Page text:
“Kinpika” – Peaks your interest [TELEVISION REVIEW]
Based on a series of books by Jirô Asada, written for television by Shin’ichi Hisamatsu, and expertly directed with style by Masaki Nishiura, “Kinpika” is a Japanese limited series to be savored. It is about a disgruntled and cynical retired detective who assembles an unsanctioned trio of convicted criminals and gives them free reign to extract the justice that was denied them in their previous existences.
Kenta was a yakuza who did time for killing a rival boss. He fell on the sword for his leader and spent 13 years in prison to take the pressure off his gang. He should have been met at the gates of the prison upon his release as a sign of respect and appreciation. Instead he is met by Mukai, a police detective who knew that Kenta was persona non grata for all the wrong reasons.
Hirohashi was a political secretary with a lovely wife, two kids, a respected father-in-law, and a bright future. Most people thought the brilliant young man was destined to become Prime Minister. Hirohashi’s boss has taken a bribe and the news media has gotten wind of it. When Hirohashi’s father-in-law begs him to take the fall for the bribe, he agrees even though it means disgrace and a short prison sentence. Instead of gratitude, his wife divorces him and he continues to be vilified in the press, ruining any chance of rehabilitating his employment opportunities. He, too, is met by Mukai.
And finally, Isao Okawara, a Security officer in the military, arms himself and hijacks a high powered meeting deciding on the future Security Treaty Bill, something Isao passionately believes is wrong for the country and its people. Not the brightest bulb in the socket, he botches his hara-kiri, is arrested, given a dishonorable discharge, and sent to serve his term in a military prison. Upon discharge, he is also met by Mukai.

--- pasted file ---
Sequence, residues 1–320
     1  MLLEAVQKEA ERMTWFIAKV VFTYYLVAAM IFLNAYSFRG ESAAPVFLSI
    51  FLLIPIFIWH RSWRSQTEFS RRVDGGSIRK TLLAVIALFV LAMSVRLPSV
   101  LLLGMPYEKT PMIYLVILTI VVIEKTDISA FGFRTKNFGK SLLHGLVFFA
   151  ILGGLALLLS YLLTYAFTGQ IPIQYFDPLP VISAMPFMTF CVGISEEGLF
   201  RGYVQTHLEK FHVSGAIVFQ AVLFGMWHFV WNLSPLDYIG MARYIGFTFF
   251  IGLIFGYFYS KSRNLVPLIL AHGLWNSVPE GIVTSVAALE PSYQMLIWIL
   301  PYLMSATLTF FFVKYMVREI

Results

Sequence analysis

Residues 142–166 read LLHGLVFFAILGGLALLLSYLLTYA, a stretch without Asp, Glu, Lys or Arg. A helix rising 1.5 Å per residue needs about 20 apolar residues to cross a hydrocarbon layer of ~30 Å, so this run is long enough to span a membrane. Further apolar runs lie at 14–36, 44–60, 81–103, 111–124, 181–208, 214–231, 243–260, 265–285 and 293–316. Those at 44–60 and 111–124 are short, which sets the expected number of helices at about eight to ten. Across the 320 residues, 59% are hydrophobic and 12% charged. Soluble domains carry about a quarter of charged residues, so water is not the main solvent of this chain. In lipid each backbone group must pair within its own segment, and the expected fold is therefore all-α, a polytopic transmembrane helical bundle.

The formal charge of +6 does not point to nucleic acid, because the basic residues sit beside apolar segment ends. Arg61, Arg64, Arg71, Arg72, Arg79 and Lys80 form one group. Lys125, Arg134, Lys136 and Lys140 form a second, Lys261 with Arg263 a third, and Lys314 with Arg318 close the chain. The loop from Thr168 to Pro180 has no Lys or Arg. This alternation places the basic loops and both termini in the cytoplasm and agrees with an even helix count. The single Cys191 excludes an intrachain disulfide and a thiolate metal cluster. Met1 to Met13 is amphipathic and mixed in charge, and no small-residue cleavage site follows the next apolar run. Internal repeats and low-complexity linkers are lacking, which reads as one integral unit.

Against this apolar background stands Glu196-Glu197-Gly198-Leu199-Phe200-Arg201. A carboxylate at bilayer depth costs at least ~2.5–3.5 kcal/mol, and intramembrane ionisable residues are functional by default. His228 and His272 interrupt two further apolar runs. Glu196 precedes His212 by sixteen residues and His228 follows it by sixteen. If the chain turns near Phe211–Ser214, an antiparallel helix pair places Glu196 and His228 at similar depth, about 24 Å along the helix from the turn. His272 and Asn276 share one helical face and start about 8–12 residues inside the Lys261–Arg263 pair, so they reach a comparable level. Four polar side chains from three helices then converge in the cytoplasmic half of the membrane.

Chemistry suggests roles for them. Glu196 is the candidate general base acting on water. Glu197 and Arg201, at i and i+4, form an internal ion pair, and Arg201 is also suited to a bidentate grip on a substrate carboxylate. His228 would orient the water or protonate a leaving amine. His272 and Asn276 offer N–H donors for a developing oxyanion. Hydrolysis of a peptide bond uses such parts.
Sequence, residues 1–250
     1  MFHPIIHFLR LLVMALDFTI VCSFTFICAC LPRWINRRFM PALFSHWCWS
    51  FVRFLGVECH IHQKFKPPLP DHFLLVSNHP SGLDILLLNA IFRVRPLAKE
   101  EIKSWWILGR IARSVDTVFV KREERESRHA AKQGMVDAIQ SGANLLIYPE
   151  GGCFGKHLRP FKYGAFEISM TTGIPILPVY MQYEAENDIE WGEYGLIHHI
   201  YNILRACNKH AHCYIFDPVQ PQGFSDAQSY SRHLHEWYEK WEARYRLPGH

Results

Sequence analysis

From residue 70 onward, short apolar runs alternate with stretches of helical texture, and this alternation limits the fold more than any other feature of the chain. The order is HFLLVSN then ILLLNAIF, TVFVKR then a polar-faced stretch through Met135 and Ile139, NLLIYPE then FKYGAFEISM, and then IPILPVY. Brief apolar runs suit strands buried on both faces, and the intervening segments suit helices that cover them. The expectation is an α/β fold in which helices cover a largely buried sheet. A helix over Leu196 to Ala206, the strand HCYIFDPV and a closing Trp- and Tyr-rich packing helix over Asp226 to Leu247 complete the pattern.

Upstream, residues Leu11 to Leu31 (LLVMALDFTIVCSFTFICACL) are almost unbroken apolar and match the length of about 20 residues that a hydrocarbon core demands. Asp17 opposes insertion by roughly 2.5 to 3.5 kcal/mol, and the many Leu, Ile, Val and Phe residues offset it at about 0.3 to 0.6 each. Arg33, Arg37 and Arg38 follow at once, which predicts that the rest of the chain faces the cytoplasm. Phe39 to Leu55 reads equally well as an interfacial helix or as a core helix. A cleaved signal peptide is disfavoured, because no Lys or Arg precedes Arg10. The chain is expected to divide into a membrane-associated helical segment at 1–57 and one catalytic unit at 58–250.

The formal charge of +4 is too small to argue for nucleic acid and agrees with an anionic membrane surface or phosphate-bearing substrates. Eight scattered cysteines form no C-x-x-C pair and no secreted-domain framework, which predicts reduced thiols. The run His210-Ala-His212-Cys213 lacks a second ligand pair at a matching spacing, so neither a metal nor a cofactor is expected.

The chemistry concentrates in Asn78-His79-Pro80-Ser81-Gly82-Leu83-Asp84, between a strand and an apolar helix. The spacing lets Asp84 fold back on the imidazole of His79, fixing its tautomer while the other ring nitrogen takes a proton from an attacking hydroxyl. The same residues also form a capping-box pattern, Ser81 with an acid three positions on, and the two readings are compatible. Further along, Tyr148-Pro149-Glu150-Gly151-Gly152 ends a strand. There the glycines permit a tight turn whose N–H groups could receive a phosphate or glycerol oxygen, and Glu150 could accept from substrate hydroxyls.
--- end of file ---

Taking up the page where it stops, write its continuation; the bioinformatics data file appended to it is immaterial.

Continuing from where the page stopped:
Mukai now has the team he was seeking: Guts, Brains, and Muscle. He is giving them the opportunity to right the wrongs done to them and to society, but they must do it logically without the kind of violence that will blow back on him. They can, he assures them, receive justice by working together.
It takes a while to adjust to the rhythm of this filming. There is plenty of humor, but it is sometimes difficult to grasp. Gradually, all becomes clear and a smile will emerge as you come to understand the workings of this gang of three and their puppet-master.
The character of Isao Okawara, played by Pierre Taki, is the hardest to understand. He is, truly, the muscles of the operation but he is also something of a moron, at least judging by the initial episodes. His motive was pure and his luck was bad. One has to remember that he had always intended to commit suicide once he had delivered his message in the age old tradition of the Samurai.
Hirohashi Hidehiko, played by Yusuke Santamaria, evolves gradually and deeply as he begins to understand the ramifications of his silence. Even his physical appearance improves as his understanding of how he was made a pawn dawns on him more fully. Santamaria’s emerging understanding of the gravity of a situation he started in motion by falsely confessing is like a plant blooming in the sunlight.
Kiichi Nakai as Kenta is the true star. Handsome and sardonic, he embodies the myth of the yakuza, gradually peeling back the violent layers of the reality of what they do and to whom they do it. His character development, gratefully, does not involve an awakening to the evil he encouraged. Instead, it is his willingness to bring down his enemies and protect his friends within the organization that dominate his actions. He is the risk taker, but those risks are laced with amusement. At the heart of all their awakenings is the concept of loyalty and the ramifications of abandoning it.
Having seen the first two episodes of this limited series of five definitely make me want to continue. You should definitely give this one a try.
The first two episodes premiere on MHz Choice beginning October 4 with each subsequent episode launching weekly after that.